Happy 2009 from Hong Kong!

If you find this video a little lacking consider also that it cost me about four thousand bucks to shoot!

It’s my own fault, really… I should have secured myself a better viewing spot for the famous Hong Kong Harbour fireworks show  much earlier in the evening. As it happened, I walked out of my hotel at around 11:45pm and could only get about ten steps towards the water before a sea of other revellers stopped me dead in my tracks. Here’s as far as I got, courtesy of Nokia Maps:

Fireworks Vantage Point
Fireworks Vantage Point

Of course I’m not just here to ring in 2009 some thirteen hours before my friends back in Toronto… More posts are on the way — in the meantime, check in on my dedicated Flickr set for the story so far.

Shanghai Rewind: Day Eight

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(A recap of my China adventures from Monday, August 28th…)

The photo above (courtesy of Jian Shuo Wang) shows one of Shanghai’s many cheap and cheerful taxis, instrumental in getting LinLyn and I through the crucial last mile (more like last block) from the People’s Square subway station to our hotel on the day of our arrival. Because it was such a hassle transferring from the Maglev to the subway on our way in, we decided to forgo the 430 km/h train ride and take a cab all the way to the airport for our departure.

And wouldn’t you know it, we get the one cab in all of Shanghai in desperate need of a tune-up.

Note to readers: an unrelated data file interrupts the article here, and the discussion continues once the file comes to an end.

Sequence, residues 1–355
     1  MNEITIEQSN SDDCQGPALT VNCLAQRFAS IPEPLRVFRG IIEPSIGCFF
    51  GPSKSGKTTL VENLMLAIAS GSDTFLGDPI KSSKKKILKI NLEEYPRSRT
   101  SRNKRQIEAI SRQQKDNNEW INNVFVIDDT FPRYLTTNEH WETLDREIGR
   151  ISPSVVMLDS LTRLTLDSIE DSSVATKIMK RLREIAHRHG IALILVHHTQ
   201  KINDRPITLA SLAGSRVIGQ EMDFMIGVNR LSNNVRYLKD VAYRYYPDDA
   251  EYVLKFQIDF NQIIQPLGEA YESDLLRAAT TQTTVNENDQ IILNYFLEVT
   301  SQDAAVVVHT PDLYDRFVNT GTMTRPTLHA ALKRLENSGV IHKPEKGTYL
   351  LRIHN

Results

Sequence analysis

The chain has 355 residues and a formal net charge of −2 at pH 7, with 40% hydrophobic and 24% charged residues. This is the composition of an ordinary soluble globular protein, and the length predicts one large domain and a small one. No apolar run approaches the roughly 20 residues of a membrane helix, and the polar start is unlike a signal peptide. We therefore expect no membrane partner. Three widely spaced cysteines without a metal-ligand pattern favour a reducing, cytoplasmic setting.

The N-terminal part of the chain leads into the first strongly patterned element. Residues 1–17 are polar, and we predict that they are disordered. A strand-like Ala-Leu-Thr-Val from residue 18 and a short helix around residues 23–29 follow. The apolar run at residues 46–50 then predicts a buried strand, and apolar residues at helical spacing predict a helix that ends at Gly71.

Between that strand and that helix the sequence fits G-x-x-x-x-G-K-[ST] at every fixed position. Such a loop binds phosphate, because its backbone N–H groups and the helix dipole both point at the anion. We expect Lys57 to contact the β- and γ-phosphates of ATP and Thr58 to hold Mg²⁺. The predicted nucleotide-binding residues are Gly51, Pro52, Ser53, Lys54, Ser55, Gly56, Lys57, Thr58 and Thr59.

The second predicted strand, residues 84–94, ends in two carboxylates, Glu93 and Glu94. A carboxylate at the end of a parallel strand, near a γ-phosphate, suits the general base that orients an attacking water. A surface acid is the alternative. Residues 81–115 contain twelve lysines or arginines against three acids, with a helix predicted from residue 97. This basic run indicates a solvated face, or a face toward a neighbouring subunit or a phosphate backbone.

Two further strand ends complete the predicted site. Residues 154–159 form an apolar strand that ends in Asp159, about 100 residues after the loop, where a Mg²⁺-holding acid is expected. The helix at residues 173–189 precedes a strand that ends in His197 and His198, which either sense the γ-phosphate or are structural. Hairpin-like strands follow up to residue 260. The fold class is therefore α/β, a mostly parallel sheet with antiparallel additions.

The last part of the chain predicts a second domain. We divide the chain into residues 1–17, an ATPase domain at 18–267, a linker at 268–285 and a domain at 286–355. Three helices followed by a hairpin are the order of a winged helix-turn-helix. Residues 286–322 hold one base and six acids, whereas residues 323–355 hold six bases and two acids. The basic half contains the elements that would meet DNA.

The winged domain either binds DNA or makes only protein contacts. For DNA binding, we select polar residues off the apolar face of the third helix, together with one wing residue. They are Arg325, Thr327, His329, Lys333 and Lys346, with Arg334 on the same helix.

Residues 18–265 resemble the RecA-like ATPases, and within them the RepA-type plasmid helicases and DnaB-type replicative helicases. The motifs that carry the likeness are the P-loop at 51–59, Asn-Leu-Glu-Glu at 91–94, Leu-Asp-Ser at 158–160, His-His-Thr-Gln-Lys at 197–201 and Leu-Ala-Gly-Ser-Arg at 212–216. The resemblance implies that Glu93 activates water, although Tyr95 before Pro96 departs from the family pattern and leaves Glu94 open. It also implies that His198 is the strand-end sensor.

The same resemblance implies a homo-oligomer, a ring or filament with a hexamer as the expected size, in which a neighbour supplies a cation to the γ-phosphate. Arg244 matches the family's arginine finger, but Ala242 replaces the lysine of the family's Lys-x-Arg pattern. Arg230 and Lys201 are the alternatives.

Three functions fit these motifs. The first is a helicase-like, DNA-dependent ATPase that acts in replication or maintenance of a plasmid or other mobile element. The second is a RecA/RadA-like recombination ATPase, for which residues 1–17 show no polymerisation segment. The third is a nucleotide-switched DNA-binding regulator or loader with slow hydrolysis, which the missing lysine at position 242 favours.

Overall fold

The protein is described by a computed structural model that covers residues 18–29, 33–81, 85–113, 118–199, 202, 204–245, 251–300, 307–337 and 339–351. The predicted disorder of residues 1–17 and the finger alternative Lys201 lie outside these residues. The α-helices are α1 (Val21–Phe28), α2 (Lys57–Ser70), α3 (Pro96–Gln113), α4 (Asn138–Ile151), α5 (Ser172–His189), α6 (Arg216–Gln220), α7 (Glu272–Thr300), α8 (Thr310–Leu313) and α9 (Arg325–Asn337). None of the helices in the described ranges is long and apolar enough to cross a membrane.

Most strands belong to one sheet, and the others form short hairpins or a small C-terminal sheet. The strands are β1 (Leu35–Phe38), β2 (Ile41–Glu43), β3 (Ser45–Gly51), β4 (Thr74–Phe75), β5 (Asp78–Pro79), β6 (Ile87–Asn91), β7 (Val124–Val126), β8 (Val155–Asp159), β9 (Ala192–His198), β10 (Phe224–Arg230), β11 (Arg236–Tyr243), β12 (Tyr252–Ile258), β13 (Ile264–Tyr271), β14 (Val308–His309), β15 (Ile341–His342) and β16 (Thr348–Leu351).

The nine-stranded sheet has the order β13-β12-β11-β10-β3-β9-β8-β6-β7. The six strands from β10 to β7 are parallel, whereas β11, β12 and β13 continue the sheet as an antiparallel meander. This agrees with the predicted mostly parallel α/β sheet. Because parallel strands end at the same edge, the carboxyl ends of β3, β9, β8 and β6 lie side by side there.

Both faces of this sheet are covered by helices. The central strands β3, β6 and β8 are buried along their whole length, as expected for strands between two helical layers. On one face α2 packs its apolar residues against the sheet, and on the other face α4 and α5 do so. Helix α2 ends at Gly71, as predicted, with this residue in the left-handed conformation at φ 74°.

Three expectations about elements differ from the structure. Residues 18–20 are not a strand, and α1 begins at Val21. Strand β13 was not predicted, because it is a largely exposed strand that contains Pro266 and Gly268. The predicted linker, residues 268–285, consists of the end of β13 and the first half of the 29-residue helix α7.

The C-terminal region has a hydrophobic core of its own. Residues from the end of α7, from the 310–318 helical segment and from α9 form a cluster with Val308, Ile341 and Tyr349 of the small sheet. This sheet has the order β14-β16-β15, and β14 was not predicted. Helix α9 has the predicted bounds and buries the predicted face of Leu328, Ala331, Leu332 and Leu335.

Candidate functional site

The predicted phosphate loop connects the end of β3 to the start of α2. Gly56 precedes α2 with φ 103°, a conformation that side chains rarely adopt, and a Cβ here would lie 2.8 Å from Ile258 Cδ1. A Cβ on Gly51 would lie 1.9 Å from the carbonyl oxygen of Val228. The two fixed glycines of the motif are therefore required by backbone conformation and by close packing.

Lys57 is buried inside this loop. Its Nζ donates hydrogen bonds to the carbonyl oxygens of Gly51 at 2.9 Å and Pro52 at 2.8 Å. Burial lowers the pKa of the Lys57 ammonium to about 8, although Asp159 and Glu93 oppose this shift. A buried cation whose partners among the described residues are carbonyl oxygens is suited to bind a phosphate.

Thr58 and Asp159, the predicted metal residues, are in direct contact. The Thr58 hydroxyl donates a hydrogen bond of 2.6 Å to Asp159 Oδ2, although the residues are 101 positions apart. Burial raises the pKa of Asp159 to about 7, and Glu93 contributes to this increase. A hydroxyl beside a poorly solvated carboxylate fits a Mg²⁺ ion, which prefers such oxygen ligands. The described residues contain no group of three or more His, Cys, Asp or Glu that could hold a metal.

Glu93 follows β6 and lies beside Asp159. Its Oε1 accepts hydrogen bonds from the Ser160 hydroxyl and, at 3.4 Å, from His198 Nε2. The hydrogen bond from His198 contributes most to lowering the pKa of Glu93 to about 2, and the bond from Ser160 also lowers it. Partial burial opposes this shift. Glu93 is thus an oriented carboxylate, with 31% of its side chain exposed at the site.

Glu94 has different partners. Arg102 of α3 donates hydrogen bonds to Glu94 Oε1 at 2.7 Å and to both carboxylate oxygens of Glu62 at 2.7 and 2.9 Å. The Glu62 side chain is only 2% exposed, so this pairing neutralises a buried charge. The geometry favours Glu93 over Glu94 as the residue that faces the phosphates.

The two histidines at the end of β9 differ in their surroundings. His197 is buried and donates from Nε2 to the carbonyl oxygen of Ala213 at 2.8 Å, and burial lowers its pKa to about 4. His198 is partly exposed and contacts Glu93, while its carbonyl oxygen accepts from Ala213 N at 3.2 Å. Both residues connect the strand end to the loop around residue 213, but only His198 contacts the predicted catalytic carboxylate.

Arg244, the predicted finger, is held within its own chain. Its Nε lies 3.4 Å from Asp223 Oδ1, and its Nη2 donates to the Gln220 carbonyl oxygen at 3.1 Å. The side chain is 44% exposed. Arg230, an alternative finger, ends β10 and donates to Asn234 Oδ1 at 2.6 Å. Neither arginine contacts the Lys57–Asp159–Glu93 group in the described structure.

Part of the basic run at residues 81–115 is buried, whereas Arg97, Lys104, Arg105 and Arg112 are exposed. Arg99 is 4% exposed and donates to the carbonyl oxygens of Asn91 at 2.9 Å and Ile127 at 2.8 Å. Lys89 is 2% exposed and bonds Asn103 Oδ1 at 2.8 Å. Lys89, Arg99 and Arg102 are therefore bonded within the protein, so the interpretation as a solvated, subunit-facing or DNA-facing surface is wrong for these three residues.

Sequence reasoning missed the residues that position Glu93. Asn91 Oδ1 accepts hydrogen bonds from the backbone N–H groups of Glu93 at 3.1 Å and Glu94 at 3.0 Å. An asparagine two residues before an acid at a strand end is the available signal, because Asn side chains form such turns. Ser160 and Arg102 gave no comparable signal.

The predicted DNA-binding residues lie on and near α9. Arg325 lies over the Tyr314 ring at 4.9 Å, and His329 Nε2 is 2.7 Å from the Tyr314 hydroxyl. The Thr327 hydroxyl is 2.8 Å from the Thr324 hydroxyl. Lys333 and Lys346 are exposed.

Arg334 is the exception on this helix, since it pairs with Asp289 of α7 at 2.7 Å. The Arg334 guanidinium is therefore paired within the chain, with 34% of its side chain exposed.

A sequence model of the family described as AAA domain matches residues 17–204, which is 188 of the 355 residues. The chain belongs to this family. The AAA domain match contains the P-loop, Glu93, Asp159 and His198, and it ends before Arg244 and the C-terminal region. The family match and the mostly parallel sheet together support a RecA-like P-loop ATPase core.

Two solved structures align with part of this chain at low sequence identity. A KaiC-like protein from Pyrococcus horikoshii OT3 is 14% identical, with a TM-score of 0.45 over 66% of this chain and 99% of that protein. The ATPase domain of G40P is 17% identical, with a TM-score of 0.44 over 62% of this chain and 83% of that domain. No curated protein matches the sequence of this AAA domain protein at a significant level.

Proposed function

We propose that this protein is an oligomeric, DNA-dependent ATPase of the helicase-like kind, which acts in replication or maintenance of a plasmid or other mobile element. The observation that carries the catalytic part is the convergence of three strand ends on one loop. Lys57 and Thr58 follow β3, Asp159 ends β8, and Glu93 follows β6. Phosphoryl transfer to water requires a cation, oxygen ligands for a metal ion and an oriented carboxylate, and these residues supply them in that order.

It started on the highway when we noticed that every other vehicle on the road was passing us, honking madly as they roared by. I thought at first the driver was just trying to save gas by keeping the engine speed low, but it seemed after a while that the car was shuddering between only its second and third gears. We couldn’t really ask what was up, because (1) we didn’t speak Chinese, and (2) the driver spent most of the journey coughing into his kerchief. All we could do was wonder which would give out first—man or machine!

We eventually puttered into Pudong International Airport, and once our bags were checked did some last minute duty-free shopping. I spied a book called Chinese in Plain English. I thumbed through it briefly and got the English translation for the Mandarin phrase Wah-jr dao—it means “I know”.

This instantly explained a show I had seen on TV the night before. Just like back home Chinese television has been infected by reality shows, and American Idol knock-offs are no exception. The twist is that a lot of the performer/contestants are kids—six year-old kids, even! One of these young crooners, shall we say a rather husky lad, was being interviewed by the show’s presenter, who started pinching the kid’s chubby cheeks. The kid replied “Wah-jr dao!” and the audience laughed. Then the host started rubbing the kid’s belly, to which the kid replied “Wah-jr dao!” and the audience laughed again. Then the kid sticks out his own ass and shouts (you guessed it) “Wah-jr dao!”, and hilarity ensued. Look for the pilot episode of “Fat Camp Pre-Tween Idol” coming to our airwaves next season…